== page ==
Digital SMEs Address Skills Gap

So, in the event of Business Week, and to illuminate the digital skills gap’s impact on both his own company and how this slots into the bigger picture, our MD Mark Mitchell headed out to Brussels to engage with European policy makers at a high level roundtable discussion led by Apps Alliance, and Amjad Bashir, Chairman of the ECR Working Group for SMEs and Conservative MEP for Yorkshire and the Humber.

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[Photo Credit: Apps Alliance]

One of the main aims of the discussion – titled ‘eSkills for Small Businesses’ – was to promote some of the advances in the industry across Yorkshire and the Humber given that IT, as its own category, has become such a strategic employment area for the region. This is key to SMEs, who currently comprise 99% of the business population in the Leeds City Region, making Mark’s participation in the discussion at Brussels Parliament all the more relevant.

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Addressing the room of 40 attendees comprised of other small tech business owners, MEPs and policy researchers, Mark said: ‘The main challenge I face when it comes to expanding My Social Agency is hiring the right people to push the company forward and provide the services requested from our client base. I find people with a high level of advanced eSkills experience very hard to come by in Leeds.’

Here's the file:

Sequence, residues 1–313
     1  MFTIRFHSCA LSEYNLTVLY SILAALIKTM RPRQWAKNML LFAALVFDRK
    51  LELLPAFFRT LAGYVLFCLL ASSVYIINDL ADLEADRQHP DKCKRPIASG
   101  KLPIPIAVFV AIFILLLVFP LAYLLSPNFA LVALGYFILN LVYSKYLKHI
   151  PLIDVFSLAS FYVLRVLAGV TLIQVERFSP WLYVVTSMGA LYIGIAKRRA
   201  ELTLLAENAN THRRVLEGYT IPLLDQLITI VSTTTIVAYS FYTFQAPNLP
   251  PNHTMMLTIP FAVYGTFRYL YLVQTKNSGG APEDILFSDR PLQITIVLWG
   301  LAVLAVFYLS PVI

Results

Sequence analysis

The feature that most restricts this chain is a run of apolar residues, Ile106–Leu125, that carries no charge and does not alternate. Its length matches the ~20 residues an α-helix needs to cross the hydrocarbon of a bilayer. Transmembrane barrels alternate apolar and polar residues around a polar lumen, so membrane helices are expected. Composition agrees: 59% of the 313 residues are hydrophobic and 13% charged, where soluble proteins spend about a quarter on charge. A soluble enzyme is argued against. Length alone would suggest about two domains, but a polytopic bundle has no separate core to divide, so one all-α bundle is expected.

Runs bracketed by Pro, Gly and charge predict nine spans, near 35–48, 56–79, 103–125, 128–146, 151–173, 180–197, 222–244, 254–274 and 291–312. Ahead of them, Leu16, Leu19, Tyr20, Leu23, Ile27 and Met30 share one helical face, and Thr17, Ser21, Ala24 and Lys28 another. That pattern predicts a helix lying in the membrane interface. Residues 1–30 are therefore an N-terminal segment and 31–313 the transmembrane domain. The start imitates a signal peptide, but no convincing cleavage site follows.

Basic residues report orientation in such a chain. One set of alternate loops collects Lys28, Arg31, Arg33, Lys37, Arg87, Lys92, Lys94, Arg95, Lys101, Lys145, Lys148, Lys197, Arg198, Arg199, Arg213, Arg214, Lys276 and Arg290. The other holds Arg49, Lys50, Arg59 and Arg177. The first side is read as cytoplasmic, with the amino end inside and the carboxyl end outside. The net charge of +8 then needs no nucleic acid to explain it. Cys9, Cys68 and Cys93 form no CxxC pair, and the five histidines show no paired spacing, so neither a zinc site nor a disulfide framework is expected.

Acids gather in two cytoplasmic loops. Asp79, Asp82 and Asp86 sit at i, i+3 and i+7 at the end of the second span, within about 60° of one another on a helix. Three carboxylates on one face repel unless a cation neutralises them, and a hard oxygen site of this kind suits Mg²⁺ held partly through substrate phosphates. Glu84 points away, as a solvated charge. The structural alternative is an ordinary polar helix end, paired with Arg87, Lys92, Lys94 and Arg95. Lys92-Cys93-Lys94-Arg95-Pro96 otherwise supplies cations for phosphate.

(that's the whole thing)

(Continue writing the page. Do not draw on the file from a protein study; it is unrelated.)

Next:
As the agency works with a range of household names to deliver tailor-made digital campaign strategies, recruitment expectations are high, and as such, the agency can find itself advertising a technically-skilled position for up to 90 days before receiving a response. This can be limiting in terms of growth prospects, even with a profit margin above the industry average of 20%, year-on-year revenue at an all-time high, and an exciting re-brand in the pipeline.

Elaborating on previous comments, Mark explained: ‘Certain roles, such as PHP development, are in high demand and short supply. This means that people command salaries which are out of sync with their competency level, and has led to us having to outsource much of this work to other companies while we train staff in-house to get them to the correct level required to fulfil our contracts.’

 

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Having also first-hand experienced the growth challenges facing tech start-ups is Martin Macmillan, CEO and Founder of digital marketplace finance solutions company Pollen VC. Speaking at the eSkills discussion at Parliament alongside Mark, he focused his presentation on the lack of financing options open to developers, which had inspired his decision to marry traditional financial markets and technology experience in his company to create what he terms ‘a disruptive new business model for the digital industry’. Martin said that he is now able to give app and games developers faster access to their app store revenues, enabling them to rapidly reinvest in user acquisition and grow their businesses faster.